Brazil’s imprisoned Luiz Inacio Lula da Silva has been banned from running for president in October after months of commotion that had tainted what is already the most unpredictable election in decades.
In a 6-1 ruling, the country’s top electoral court decided that Lula’s candidacy cannot stand, given his 12-year sentence for corruption and money-laundering by an appeals court earlier this year. Brazil’s currency and equity markets gained in anticipation of the decision as investors wary of a possible Lula comeback gained hope.
In a note published after the ruling, the Workers’ Party said it would appeal."I declare the candidate ineligible and I deny his application to run for the presidency," said Luis Roberto Barroso, the lead judge reading out a summary of the ruling at the court. "I veto electoral propaganda until the candidate’s name is replaced on the ballot."
Since his indictment over two years ago, the still popular Lula has denounced a conspiracy to prevent his return to power, with his supporters blasting the message on streets, to courts and in media at home and abroad.
Now, barring an extraordinary upset through appeal, it looks all but certain that the iconic former metalworker won’t run on Oct. 7 and will be replaced by his running mate, former Sao Paulo mayor Fernando Haddad.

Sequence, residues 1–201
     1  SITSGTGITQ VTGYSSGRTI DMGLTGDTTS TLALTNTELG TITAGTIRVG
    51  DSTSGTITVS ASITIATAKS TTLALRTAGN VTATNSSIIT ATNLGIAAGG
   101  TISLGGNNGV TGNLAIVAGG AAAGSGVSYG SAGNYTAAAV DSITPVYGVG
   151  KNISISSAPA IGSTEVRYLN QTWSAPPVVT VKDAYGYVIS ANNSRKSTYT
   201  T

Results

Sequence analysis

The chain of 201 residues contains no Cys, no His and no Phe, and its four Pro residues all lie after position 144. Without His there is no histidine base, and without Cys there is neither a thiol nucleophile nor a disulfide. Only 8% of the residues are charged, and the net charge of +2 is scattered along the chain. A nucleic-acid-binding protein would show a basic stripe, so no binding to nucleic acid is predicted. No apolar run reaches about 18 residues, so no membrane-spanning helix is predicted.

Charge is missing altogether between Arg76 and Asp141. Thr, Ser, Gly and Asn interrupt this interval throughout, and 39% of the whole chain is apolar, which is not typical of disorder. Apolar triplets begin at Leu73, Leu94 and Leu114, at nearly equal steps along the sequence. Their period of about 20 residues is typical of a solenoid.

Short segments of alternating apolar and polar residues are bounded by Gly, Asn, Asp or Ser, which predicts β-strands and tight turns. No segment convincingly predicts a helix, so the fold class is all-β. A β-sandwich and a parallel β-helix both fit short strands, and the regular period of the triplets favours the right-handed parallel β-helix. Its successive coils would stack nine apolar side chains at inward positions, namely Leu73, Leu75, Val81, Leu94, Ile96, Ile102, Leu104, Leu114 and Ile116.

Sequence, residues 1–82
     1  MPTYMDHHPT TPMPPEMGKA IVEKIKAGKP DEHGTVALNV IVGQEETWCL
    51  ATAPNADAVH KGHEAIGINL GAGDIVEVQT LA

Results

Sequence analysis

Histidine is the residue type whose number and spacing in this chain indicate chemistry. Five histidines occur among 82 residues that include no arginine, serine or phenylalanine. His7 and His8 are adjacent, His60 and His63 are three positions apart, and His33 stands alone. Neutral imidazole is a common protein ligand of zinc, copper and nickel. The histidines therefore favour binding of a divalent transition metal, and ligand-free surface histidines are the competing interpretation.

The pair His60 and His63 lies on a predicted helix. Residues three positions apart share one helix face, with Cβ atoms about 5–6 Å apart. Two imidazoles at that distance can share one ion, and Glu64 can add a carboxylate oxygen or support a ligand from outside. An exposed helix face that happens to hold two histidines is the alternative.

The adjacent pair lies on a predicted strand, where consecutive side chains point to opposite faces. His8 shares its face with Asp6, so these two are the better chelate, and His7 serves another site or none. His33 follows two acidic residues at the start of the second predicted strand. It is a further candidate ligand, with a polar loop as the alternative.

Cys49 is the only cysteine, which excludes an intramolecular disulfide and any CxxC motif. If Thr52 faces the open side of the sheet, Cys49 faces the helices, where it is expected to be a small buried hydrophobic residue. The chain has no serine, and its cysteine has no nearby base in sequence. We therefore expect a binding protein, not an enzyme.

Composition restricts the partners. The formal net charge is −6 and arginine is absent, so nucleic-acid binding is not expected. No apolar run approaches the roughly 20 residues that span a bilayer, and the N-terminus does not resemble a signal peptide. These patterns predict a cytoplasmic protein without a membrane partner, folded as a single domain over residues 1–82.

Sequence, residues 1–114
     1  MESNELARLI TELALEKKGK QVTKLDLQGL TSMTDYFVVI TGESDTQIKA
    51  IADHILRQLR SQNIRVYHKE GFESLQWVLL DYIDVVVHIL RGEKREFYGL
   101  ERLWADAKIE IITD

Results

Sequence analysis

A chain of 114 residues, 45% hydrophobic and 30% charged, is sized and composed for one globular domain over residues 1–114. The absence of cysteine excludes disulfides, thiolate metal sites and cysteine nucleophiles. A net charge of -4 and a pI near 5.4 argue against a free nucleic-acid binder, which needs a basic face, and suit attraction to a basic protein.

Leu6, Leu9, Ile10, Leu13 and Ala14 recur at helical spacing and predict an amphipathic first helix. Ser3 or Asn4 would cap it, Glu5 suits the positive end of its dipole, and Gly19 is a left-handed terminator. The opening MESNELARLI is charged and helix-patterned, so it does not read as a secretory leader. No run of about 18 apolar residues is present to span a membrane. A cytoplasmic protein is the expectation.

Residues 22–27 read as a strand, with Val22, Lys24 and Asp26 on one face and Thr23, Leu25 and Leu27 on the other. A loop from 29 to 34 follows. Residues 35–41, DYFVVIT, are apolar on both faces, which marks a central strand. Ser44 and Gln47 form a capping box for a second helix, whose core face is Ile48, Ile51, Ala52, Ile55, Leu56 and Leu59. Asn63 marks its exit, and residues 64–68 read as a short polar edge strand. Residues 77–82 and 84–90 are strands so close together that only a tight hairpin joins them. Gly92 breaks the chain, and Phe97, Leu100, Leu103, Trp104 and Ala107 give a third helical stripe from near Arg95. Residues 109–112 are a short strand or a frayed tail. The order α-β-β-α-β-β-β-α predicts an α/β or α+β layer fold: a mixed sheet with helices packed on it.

In a press conference in Pernambuco state on Saturday, Haddad said the next steps will depend on a meeting with Lula on Monday. "We’ll study the legal possibilities over the weekend and show them to the president, discussing collectively what to do," Haddad said.
"We’ll make a decision on Monday," he said. The question now is how much of his huge support Lula can transfer to Haddad from his prison cell. Opinion polls suggest it could be enough to push his protege, a 55 year-old academic, into a runoff with the front-runner, former Army Captain Jair Bolsonaro.
Even if the Workers’ Party -- known as PT -- chooses Haddad to replace Lula in the race, it can continue to appeal the electoral court’s decision, XP Investimentos’ political analyst Richard Back said in an interview.
"The PT’s next move is a great unknown," he said. Campaign ads that circulated on social media in recent days showed images of Lula before he was jailed, and of Haddad, both promising better days for Brazil.
Free radio and TV air time allotted to presidential candidates begins on Saturday. A few hours after the electoral court’s ruling, which prohibited the Workers’ Party from making "acts of campaign" for Lula’s candidacy, there were radio ads mentioning the jailed leader as PT’s pick for the presidential election, local media reported.
Yet investors are concerned about the possible return of the same left wing party that oversaw the worst recession on record, and whose president Dilma Rousseff was impeached in 2016.